The right kind of resolve
It is time for New Year’s Resolutions; how about making the ones that count this year?
The last week of December is probably the least productive time of the year. The western world rejoices the end of the year; a tradition that has caught on well in India. There are parties galore and year-end vacations to be executed; everyone is 'in the spirit'.
The end of the year for me is a time for introspection. I have had the most interesting year. I have stopped saying I have had a 'bad year' because my 'bad year' is nothing compared to the real tragedies that occurred in 2017. The numerous terrorist attacks, the mindless deaths, nature's wrath, Demonetisation and its repercussions, etc.; it is a motley list of unpleasantness. Therefore, I say that I have had an interesting year. It was not fantastic, it had its challenging moments, but I learnt lessons. Valuable lessons in understanding who I am and what I want out of life and people.
2017's mixed bag brought with it strife and struggle; but also, minor yet significant victories and achievements. Risks were taken, expectations dashed, fat salary packages rejected, but there were also second chances met out, random acts of kindness shown, with the human spirit forging ahead with aplomb.
Work and the mundane can wait a few days as December sings the swan's song; a weary tune bearing the trials and tribulations of the year gone by. The winter cold is a time to bid the past year farewell and look on with hope and wonder towards the new year with its promise of vigour and vitality. A new year where old wrongs can be corrected while still keeping a clean slate, waiting to be filled with our life's happenings. It is also the time for promises, better known as New Year's resolutions.
The tradition of making resolutions is ancient. 4,000 years ago, Babylonians, were known to celebrate the oncoming of the new year, while also making promises to their gods of repaying debts or returning borrowed things. The Romans under Julius Caesar worshipped Goddess Janus on whose name was based the first month of the year, January. The Romans worshipped this two-faced god that looked backward into the previous year and forward into the future, with pledges of good behaviour in the upcoming year. Christians through their 'watch night services' also continue to make resolutions for the new year.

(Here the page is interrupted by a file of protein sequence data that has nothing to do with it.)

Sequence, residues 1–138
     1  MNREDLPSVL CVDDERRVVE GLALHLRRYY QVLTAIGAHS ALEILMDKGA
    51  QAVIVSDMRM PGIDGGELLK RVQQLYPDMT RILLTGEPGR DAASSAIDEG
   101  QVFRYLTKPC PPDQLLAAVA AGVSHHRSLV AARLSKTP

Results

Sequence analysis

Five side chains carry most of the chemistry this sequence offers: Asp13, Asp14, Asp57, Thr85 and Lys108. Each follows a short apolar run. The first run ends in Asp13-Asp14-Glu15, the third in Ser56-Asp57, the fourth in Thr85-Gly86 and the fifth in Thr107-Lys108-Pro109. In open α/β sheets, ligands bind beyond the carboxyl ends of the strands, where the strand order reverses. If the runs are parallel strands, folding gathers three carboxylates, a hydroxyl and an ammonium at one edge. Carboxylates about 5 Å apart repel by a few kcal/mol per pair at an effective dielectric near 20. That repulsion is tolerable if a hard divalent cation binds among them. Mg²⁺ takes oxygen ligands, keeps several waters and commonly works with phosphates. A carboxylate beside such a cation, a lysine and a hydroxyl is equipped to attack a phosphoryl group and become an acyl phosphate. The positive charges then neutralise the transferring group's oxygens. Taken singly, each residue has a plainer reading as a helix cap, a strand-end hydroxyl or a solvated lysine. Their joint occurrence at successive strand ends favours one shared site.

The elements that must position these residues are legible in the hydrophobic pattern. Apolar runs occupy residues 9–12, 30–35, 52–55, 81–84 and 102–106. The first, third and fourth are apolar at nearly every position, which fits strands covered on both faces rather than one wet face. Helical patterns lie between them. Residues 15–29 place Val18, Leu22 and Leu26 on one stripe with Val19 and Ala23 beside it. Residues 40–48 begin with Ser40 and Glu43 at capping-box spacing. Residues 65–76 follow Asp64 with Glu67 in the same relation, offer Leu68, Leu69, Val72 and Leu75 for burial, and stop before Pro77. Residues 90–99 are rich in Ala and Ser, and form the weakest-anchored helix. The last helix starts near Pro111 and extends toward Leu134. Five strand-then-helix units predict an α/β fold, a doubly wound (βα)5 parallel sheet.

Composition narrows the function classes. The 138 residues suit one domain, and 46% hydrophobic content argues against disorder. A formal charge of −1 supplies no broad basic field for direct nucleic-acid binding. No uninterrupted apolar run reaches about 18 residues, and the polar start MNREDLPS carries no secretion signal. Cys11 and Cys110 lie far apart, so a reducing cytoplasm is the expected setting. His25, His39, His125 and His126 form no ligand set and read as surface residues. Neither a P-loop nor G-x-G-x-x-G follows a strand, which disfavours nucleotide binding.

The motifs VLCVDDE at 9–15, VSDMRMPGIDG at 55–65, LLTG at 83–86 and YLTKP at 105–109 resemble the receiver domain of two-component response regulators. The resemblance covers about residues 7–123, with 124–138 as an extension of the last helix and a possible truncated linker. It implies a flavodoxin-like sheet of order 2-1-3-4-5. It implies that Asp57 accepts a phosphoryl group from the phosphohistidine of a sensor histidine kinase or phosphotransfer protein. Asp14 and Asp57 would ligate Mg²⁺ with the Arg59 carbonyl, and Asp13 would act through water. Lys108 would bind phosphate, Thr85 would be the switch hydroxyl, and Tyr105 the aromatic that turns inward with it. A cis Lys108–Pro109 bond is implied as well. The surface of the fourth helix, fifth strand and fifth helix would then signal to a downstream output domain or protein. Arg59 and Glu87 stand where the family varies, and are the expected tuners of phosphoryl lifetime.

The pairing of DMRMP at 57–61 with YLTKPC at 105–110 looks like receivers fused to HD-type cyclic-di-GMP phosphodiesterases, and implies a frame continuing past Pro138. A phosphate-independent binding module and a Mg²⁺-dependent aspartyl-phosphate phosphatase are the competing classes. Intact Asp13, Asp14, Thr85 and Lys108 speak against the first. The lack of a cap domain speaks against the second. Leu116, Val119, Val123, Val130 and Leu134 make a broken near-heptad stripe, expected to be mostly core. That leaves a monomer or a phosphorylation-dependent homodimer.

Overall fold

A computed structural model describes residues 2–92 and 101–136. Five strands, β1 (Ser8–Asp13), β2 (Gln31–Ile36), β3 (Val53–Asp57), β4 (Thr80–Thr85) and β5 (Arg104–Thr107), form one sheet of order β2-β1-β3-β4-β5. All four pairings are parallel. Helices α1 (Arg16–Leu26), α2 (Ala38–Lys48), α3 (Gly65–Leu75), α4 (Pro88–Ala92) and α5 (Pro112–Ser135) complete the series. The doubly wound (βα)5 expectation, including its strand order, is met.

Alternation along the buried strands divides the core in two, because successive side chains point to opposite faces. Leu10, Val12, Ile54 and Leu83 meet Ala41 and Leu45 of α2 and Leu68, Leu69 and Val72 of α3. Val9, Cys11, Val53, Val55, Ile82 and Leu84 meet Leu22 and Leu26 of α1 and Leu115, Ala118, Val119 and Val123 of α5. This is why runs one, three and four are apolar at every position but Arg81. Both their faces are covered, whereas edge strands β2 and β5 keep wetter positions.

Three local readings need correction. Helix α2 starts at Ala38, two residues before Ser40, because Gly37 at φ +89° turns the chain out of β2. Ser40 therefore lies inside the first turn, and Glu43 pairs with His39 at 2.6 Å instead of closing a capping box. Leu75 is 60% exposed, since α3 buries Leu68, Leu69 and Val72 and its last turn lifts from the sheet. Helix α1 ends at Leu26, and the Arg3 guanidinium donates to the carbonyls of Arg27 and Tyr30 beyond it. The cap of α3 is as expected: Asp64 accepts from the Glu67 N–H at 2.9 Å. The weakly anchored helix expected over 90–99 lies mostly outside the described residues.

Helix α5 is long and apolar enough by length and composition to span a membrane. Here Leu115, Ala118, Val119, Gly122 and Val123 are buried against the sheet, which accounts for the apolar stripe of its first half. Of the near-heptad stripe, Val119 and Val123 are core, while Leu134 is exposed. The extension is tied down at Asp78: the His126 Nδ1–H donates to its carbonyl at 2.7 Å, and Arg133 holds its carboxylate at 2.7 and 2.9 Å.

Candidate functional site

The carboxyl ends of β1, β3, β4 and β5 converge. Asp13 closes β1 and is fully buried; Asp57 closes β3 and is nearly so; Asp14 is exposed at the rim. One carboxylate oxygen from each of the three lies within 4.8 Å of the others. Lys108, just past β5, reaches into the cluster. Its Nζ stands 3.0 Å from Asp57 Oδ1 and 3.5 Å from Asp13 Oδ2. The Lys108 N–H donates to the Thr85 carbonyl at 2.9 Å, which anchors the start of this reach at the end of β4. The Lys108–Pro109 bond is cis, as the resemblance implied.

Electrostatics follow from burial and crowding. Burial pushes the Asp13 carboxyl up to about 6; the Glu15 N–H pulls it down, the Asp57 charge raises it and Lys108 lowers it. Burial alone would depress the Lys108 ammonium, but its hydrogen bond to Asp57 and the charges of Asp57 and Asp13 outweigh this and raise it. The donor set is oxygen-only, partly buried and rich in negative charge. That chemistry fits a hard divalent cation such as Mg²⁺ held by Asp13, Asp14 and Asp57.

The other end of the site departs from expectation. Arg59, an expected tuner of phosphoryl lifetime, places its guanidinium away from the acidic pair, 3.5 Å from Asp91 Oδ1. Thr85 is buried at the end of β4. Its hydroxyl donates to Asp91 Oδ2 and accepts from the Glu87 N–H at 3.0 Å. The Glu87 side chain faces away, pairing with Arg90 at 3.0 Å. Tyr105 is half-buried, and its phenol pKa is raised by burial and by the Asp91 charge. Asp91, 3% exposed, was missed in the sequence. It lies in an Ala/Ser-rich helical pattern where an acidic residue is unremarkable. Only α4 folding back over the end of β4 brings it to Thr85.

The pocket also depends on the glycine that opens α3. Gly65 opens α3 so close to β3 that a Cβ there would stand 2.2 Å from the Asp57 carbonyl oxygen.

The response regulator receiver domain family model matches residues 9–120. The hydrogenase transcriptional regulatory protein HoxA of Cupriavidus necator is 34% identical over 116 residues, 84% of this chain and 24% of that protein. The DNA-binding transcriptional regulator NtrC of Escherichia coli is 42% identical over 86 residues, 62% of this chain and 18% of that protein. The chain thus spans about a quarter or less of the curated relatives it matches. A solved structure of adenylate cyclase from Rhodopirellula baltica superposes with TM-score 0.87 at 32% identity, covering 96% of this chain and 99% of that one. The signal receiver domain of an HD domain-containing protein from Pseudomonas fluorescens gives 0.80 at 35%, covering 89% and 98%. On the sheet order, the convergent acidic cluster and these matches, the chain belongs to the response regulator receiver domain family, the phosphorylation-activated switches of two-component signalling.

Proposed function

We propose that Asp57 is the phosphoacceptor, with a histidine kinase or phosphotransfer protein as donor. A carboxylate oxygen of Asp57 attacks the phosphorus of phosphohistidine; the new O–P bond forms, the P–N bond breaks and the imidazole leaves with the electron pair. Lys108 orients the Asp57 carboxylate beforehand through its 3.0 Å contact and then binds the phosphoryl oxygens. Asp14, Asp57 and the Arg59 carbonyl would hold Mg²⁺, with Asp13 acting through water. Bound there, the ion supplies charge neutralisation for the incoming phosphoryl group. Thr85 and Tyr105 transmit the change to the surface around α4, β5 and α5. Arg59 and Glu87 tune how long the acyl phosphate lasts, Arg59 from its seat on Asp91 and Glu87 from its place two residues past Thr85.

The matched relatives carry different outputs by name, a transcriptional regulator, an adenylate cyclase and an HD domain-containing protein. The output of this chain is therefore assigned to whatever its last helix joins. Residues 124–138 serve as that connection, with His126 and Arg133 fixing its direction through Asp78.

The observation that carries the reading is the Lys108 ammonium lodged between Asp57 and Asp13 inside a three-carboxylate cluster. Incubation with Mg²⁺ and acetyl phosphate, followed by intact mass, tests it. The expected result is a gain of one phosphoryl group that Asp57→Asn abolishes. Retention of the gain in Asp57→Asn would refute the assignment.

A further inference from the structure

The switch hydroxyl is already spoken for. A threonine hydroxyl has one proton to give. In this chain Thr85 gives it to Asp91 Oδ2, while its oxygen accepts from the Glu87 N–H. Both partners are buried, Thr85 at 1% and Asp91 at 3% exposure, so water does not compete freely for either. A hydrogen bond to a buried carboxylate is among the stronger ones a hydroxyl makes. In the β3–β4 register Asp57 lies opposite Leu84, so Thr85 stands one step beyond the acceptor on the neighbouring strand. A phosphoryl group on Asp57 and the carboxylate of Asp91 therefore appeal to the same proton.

Therefore, people across various cultures have been familiar with the concept of New Year's resolutions. We make all kinds of resolutions – to be healthier, to quit a bad habit, to spend more time with family, travel more, find a better job, etc. I feel that all these resolutions, while valid in their relevance are more like goals to be achieved rather than resolutions that have to be sustained. Resolutions of yesteryears reportedly were simpler – to be kind, to be forgiving, to be honest, etc. While these may seem simple, they are far more strenuous to the person demanding a deeper commitment than just controlling the number of calories on their plate.
Perhaps this year, we should make the right kind of resolutions that would make the world a better place to live in. And by Jove, do we need to leave a better world behind for our future generations! A kinder, more understanding and accepting world, where divisive politics cannot wriggle its ways into our mindset. That we should love rather than hate. That we remember above all else, we are compassionate, rational, ethical human beings first. To paraphrase an old quote, we should resolve to always remember that our right to swing our arms ends just where the other man's nose begins. Happy New Year, dear readers!
(The writer is a journalist and media entrepreneur. Views are strictly personal.)
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